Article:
This renovated apartment in Berlin features raw concrete ceilings and floors that combine oak parquet with decorative tiles.
Local architects Marc Benjamin Drewes and Thomas Schneider teamed up to design the apartment for a couple and their children, creating two bedrooms, a bathroom and an open-plan living room and kitchen.
The project is named Box 117 and the architects refer to the two white-painted bedrooms and bathroom as “simple boxes” with a narrow shadow gap around the tops of the walls to highlight the edges.
The wooden parquet flooring runs down one side of the apartment beneath white-washed timber ceilings. The red and white cement tiles are positioned on the opposite side underneath the exposed concrete ceilings.
“The raw concrete ceilings are preserving the industrial character,” says Drewes. “Partly old with a wooden pattern, partly new with a smooth surface, the ceiling tells something about the history of the space.”
Each room has a floor-to-ceiling height of 3.4 metres, allowing for overhead storage and an elevated sleeping area in the children’s bedroom.
Photography is by Christoph Rokitta.
Here’s a project description from Marc Benjamin Drewes:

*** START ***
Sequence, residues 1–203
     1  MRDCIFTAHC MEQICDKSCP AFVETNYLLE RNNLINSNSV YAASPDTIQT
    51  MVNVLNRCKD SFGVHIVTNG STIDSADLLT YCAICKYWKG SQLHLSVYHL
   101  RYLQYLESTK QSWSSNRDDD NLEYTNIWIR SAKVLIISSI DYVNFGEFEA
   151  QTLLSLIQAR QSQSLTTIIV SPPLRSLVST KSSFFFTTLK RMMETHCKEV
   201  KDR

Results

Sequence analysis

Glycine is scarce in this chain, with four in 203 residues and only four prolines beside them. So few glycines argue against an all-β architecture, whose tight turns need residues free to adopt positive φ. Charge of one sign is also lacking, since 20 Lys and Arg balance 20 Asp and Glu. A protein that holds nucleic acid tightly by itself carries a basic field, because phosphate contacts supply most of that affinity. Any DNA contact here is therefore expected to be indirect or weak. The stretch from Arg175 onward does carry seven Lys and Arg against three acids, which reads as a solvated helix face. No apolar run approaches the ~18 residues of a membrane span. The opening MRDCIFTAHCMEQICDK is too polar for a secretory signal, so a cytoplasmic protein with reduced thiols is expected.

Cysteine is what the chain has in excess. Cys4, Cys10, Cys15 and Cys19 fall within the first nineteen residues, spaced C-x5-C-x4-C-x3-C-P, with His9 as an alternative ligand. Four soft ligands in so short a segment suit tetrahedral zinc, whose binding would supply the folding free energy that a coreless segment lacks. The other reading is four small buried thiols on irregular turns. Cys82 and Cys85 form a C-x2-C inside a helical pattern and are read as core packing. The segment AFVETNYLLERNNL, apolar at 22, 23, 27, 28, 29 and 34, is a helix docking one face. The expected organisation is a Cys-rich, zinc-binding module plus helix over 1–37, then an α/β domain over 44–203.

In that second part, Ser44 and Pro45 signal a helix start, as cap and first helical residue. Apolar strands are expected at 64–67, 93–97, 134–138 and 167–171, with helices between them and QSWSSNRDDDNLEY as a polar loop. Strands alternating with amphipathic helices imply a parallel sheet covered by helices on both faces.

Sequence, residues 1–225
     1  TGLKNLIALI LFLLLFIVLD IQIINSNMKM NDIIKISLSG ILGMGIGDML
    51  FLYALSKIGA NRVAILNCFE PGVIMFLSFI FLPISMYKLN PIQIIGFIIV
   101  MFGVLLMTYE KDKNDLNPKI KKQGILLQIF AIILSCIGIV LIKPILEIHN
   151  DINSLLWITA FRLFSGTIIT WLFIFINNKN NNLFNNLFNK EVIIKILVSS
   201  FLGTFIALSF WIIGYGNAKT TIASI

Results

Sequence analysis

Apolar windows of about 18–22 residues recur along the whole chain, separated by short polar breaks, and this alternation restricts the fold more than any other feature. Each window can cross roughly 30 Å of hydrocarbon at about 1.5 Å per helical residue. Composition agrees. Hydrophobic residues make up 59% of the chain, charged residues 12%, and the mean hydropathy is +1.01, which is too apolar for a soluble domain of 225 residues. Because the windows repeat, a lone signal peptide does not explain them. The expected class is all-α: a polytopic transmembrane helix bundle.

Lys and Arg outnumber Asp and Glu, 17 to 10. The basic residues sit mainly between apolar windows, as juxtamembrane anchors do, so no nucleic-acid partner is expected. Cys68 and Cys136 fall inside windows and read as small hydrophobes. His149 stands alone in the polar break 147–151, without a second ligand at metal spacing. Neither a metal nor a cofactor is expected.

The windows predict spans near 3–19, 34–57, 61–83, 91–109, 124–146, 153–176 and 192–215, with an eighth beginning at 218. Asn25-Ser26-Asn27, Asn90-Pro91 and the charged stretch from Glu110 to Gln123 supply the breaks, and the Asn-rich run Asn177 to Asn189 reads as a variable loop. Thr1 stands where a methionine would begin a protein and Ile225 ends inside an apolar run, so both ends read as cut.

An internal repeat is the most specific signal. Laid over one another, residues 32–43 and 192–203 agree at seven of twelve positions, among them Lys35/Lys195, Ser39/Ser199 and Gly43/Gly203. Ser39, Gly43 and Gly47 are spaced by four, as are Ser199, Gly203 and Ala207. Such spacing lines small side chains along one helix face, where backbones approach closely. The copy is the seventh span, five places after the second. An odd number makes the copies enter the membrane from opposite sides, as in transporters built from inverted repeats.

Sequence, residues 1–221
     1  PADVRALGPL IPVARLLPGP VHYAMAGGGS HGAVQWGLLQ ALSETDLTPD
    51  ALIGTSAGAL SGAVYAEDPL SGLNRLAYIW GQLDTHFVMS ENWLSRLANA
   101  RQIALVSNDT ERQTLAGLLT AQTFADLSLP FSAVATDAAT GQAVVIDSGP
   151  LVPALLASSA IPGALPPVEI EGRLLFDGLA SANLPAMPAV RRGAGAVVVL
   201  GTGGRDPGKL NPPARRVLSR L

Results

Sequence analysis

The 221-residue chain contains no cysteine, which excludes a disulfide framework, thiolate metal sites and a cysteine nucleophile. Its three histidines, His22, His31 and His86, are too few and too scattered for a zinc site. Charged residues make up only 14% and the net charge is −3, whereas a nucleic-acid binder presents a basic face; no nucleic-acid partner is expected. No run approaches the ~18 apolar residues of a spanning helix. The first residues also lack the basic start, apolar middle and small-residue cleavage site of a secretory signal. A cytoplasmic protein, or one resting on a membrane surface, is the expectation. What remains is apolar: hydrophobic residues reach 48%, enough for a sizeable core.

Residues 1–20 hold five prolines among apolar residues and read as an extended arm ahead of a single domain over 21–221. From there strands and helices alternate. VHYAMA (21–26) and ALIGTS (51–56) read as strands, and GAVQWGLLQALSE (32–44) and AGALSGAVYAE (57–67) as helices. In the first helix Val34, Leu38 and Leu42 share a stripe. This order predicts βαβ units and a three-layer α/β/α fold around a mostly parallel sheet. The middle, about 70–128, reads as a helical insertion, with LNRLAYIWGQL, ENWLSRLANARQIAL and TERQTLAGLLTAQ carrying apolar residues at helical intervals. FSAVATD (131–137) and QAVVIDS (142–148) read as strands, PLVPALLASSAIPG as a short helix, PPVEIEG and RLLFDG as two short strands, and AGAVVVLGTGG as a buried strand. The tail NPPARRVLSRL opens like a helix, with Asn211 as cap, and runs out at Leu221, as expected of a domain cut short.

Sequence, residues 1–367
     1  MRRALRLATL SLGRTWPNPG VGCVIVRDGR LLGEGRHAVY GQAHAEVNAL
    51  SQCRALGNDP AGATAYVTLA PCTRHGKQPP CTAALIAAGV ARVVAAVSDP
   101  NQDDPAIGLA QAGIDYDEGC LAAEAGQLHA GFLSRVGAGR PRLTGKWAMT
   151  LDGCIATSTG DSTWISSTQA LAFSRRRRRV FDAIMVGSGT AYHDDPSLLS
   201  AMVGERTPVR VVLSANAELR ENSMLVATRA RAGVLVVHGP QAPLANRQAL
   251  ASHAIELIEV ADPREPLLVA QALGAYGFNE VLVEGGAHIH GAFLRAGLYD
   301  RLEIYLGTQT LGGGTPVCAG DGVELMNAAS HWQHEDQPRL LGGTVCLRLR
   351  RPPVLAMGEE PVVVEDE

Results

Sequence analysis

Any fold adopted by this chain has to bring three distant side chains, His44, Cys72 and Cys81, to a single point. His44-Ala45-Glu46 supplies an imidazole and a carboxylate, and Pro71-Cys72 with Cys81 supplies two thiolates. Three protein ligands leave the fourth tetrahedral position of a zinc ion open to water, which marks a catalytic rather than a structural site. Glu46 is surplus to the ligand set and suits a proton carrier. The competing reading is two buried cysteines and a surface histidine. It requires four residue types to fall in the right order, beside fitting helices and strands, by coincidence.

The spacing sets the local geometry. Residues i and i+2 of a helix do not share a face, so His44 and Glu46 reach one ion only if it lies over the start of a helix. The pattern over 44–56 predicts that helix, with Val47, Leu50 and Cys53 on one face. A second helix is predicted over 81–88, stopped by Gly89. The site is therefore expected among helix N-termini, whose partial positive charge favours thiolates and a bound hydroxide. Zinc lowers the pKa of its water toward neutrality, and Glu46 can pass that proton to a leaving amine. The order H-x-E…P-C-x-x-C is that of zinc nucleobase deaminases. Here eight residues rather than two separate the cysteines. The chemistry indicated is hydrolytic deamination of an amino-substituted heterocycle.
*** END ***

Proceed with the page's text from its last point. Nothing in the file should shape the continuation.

A couple with two little kids moved into this loft in a Berlin backyard.
A continuous space for a kitchen, living area and sleeping area for the parents surrounds two boxes in which you find the children’s room and the bathroom. This open layout creates the loft character of the space.
The children are sleeping in a niche above a litte storage next to the children’s room. That way one takes advantage of the clear height of 3.4m to create more living area. The sleeping area of the parents can be closed with a room-high sliding door. If the door is open it disappears behind the bathroom-box.
The oak parquet and the cement tiles on the floor are creating a basis full of character for the simple boxes with a limewash coat. A shadow gap all around separates these boxes from the existing elements of the space and all doors are flush with the wall to accentuate the simple form. The raw concrete ceilings are preserving the industrial character. Partly old with a wooden pattern, partly new with a smooth surface the ceiling tells something about the history of the space.